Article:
5 values I want to teach my biracial children

5 values 735x1102One of my favorite things about being a parent, and especially a new parent, is the ability to hug, hold, kiss, smell, stare at and smooch my babies whenever I want and for as long as I want (something I couldn’t do if they weren’t mine, otherwise it would be creepy). And if you are anything like me, as you hold them tight and stare at them relentlessly, you can’t help but wonder about the person they will grow up to be, their personalities, or the kind of things they’ll like or dislike. I believe that who children are, or grow up to be, has a lot to do with who we are as parents. Kids see and model what’s around them and more often than not, they look up to their parents for guidance on how to interact with others in this wild place we call Earth. That is why everyday, I strive to be a better person so that I can be a better mother. Granted, some days I manage to keep my cool while other days I lose it altogether.

Many will agree that being a parent is one of the most rewarding, humbling and trying experiences in life. The responsibilities of being a parent extend well beyond providing basic necessities of food and shelter, to nurturing a child with love and affection. As parents, we also bear the lion’s share of making sure our children grow up to be responsible and constructive citizens (though some might say we are 100% responsible for this). If my boys are anything like I was with my parents growing up, they will do anything in their power to contradict me! And that’s ok, since I don’t expect them to make my life easy. But, if I do anything right as a parent, these are the 5 values I want to instill in them:

A strong sense of identity: As biracial children, chances are my boys will be asked the “what are you?” and “where are you from?” questions more often than their peers. Not that these questions are always ill-intended or harmful to the recipient, but as they grow up and go through different stages of self-discovery, these questions could help or hinder their identity quest. Especially as biracial people, they might feel pressured to “pick a side” or might feel totally inadequate to claim either race (more on that later). As a mom, my goal is to expose my children to as many culturally-relevant experiences as I can. Beyond just knowing their parents’ nationalities or speaking a different language, I want my children to explore and feel comfortable talking about different cultures and feel proud of their heritage. Finding comfort and pride in who they are will lay a strong foundation that could help them weather any storm.

Being passionate about life: As I encourage my kids to develop their own interests, I want them to get excited about… something. Whether it’s sports, music, art, or renaissance history, I want them to be passionate about it. I believe that passion drives innovation. But I’m not talking about wanting to follow a certain career path, or develop a specific hobby and devote hours and hours to it. I’m talking about having a positive and enthusiastic attitude towards life and finding the passion and desire to live life to its fullest by taking a lead role in it instead of watching it happen from the sidelines. I want my kids to be passionate about what they do, to pursue their dreams and live a fulfilling life. I know that there will be ups and downs, and there will be moments in life when, well, things are just not that fun (cough, cough, adulthood). But my hope is that during those dark days, they can find a spark of passion inside of them to guide them to the light.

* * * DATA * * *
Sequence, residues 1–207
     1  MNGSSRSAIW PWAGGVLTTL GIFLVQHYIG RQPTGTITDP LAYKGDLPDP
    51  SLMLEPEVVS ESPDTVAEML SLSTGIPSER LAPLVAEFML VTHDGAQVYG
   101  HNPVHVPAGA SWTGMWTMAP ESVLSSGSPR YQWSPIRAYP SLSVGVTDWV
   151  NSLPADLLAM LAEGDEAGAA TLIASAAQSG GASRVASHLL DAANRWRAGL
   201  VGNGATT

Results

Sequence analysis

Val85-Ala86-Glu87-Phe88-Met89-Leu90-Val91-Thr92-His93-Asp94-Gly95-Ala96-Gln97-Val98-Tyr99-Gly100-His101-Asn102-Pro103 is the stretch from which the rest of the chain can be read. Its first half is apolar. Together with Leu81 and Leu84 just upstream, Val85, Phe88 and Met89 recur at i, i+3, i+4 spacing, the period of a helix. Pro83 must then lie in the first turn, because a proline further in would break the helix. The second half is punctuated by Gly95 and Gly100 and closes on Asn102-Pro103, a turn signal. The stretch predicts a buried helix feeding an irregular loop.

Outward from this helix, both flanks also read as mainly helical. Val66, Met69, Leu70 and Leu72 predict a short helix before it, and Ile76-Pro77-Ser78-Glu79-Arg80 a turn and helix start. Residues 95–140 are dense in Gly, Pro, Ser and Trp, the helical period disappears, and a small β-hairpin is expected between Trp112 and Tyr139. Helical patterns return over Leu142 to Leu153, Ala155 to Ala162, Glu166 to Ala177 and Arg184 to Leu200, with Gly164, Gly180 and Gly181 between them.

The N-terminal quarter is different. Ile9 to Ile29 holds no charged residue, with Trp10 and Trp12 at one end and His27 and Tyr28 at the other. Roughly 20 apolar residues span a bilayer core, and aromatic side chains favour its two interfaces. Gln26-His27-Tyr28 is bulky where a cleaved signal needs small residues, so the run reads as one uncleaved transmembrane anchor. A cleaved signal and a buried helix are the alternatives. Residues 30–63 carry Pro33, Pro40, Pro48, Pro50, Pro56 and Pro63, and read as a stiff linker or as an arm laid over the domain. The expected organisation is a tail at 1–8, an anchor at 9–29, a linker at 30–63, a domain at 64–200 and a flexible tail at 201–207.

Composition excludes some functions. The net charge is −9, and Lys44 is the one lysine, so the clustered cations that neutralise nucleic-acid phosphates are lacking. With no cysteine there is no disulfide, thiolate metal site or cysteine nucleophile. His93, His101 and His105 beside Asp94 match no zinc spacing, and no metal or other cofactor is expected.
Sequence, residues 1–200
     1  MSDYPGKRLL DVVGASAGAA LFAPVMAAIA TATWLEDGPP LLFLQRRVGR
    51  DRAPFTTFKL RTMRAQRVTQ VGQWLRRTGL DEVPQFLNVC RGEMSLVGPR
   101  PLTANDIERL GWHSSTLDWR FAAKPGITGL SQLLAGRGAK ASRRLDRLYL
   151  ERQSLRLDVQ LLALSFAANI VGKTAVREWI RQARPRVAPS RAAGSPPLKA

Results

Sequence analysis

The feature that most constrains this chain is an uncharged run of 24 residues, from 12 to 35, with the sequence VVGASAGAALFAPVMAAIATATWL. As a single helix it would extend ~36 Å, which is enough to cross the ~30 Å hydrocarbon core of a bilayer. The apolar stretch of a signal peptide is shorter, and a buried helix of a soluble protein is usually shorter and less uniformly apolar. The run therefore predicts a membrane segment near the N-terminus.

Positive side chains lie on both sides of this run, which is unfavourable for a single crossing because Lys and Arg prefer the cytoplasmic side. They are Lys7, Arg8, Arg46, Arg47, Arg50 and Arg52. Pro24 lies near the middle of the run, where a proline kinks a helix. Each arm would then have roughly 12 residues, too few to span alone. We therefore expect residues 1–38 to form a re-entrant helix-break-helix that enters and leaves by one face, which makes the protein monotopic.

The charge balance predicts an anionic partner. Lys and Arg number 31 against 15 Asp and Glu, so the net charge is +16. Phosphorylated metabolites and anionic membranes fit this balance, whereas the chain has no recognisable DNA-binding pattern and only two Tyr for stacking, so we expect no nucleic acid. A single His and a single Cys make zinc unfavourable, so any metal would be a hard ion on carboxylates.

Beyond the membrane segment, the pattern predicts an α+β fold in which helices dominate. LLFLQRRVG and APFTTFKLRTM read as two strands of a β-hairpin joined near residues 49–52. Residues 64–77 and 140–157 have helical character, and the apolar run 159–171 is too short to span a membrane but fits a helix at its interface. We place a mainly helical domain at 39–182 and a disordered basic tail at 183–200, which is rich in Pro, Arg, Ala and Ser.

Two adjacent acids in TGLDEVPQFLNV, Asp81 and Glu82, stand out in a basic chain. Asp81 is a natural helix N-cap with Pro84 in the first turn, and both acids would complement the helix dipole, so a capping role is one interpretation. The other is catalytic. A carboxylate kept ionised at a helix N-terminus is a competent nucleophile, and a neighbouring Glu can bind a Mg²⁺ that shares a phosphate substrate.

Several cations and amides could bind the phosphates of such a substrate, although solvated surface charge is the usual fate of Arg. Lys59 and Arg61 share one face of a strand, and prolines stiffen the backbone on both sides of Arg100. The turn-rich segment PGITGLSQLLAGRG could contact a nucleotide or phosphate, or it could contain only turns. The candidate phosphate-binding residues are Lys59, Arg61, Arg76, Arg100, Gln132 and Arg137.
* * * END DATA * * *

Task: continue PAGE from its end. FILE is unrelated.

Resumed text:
Resiliency: Children are naturally hardheaded resilient. But as they grow older, they learn that life is a bit more complex than they thought and there are more risks involved in their decisions, more trade-offs, and more choices. They can choose to follow their dreams or not. They can choose to drop out of college, but what’s the trade-off? Resiliency is a quality that helps you bounce back from life’s setbacks by not giving up no matter how many times you fall. Just as I want my kids to pursue their passions, I want to teach them to be resilient when life doesn’t go their way on their first or second or tenth try. Knowing that life’s biggest rewards often come with the toughest challenges is no easy lesson to teach. But you can instill this value in children when they are young by encouraging them to solve problems on their own and being their biggest cheerleader.

Gratitude and generosity: No, I’m not trying to sneak two values in one here! I like to think of gratitude and generosity as the combination of being grateful for life’s bounties by giving to those who are less fortunate. I think these two values go hand in hand, and it’s a good way to teach children to appreciate what they have. Despite our very different upbringings, both my husband and I agree that we want to teach our children not to take things for granted and understand the meaning of hard work. We want to teach our children that no matter how much or how little they think they have, there are others who are less fortunate and that there are many different ways they can help and give back to their community.

Humility: Lastly, humility. Of all the amazing values that I want to teach my children, I chose to add humility to this list. More than being humble, humility is about having the confidence to know that you accomplished something great without bragging. Is more than teaching children how not to be a sore loser, and more about learning to apologize when they are wrong. Instilling the value of humility is about building children up to be the best they can be and knowing that that’s worth more than any trophy or race they win.


As parents, we want the best for our kids, including the best qualities and values. If you could pick, what would be 5 values you want to instill in your children?



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